Because you can't have depths without surfaces.
Linda Grant, thinking about clothes, books and other matters.

Tuesday, 29 July 2008

Judith Krantz remembered

I'm researching a piece on the 30th anniversary of the publication of Judith Krantz's first novel, Scruples. Do any of you have any opinions about her, as a very early chick-lit writer?

4 comments:

Belle de Ville said...

Wasn't Judith Krantz the first author to incorporate product placement in novels with her constant descriptions of boutiques and luxe goods, spawning a genre of genre of books with fetish like fascination for of designer clothes and accessories.

mq, cb said...

That's probably true in the chick lit category, but unlike say that eminently unforgettable load of tripe that Julie Burchill wrote in the late 80's, wasn't it a plot point? How do you write about the world's best boutique if you don't mention what it sells and how the boutique is positioned to be so desireable?

Anyway, is it product placement if the author is not paid for it (although I don't know whether Ms Krantz was but if this was her first novel, presumably not)? And even if you did, would it matter if the work was good? Did anyone ever read that book that Fay Weldon wrote for which she accepted Bulgari's sponsorship? I didn't but I seem to recall that although there was a huge stink about the fact that she had been sponsored by Bulgari, the novel got decent reviews.

Maybe people did it before but we don't recognise it as placement because we no longer recognise what the reference means. It's a bit like reading an old novel that uses shorthand for something that a contemporary reader would have immediately recognised as meaning "x" but when you read it now you think, "why mention that at all?"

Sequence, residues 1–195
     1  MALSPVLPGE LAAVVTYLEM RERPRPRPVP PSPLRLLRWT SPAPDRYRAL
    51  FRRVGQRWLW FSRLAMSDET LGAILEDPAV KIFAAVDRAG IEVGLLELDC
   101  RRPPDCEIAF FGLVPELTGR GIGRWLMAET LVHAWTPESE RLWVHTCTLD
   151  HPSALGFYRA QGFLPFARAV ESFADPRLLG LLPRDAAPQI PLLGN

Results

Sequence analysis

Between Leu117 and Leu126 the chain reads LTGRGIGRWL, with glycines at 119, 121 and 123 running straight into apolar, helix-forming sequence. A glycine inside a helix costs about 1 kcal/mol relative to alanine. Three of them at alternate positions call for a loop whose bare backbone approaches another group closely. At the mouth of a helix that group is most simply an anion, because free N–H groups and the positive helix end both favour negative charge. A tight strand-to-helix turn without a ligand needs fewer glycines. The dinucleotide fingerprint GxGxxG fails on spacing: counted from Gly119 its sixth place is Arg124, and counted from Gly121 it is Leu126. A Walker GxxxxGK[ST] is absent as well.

I think that the depiction of this luxe lifestyle was only one reason why her books did well. Sex was another, and she told a frank and unashamed story, where you rooted for the protagonist and her friends. I imagine people empathised with a Krantz heroine and got a nice dose of wish fulfilment at the same time.

I mostly remember Scruples though because my best friend told me that she read the cottaging scene to her father, who was mortified. He is the most proper person imaginable, and it makes me grin just thinking about how much he must have squirmed when the daughter he regarded as perfect daughter read out what was for the time a graphic (if rather odd - all those holes at different levels?) depiction of homosexual sex.

knitwit said...

I know I read it as a teenager but don't really remember it. However, you might want to ask over at
http://www.smartbitchestrashybooks.com/

for readers' memories!

As to product placement, even Jane Austen specifies which jewelers her characters frequent, and Edith Wharton names the best hotels and restaurants of the day in her novels. I've always enjoyed these details.

woodscolt said...

Judith Krantz has a real love of fashion and clothing, I think - her heroines all dress superbly and she knows a lot about historical clothes too. I remember a vintage Madame Gres draped silk dress in Dazzle - the love interest spills chilli all over it - and Gigi wears some terrific outfits in Scruples 2. She also collects vintage underwear.

Apart from that the sex is just unbelievable. I remember the glory hole scene that mq, cb mentions above - I think that introduced me to the concept of a glory hole when I was about 12. But she always seemd very open-minded and non-judgemental about sex, and in some ways very feminist. None of her women need a man; they all tend to achieve some pretty spectacular things on their own, and the love interest is just the icing on the cake. Of course the things they achieve are super-glamorous - running a magazine, a luxe store, becoming a movie star, a WW2 flying ace, a glamorous portrait photographer - and they're often born into money, but they're often very admirable strong women. Quite often Mr Wrong is marked out as such because he is insanely controlling & wants to limit the heroine's agency, and Mr Right turns up and shows he loves her for who she is including all her amazing achievements.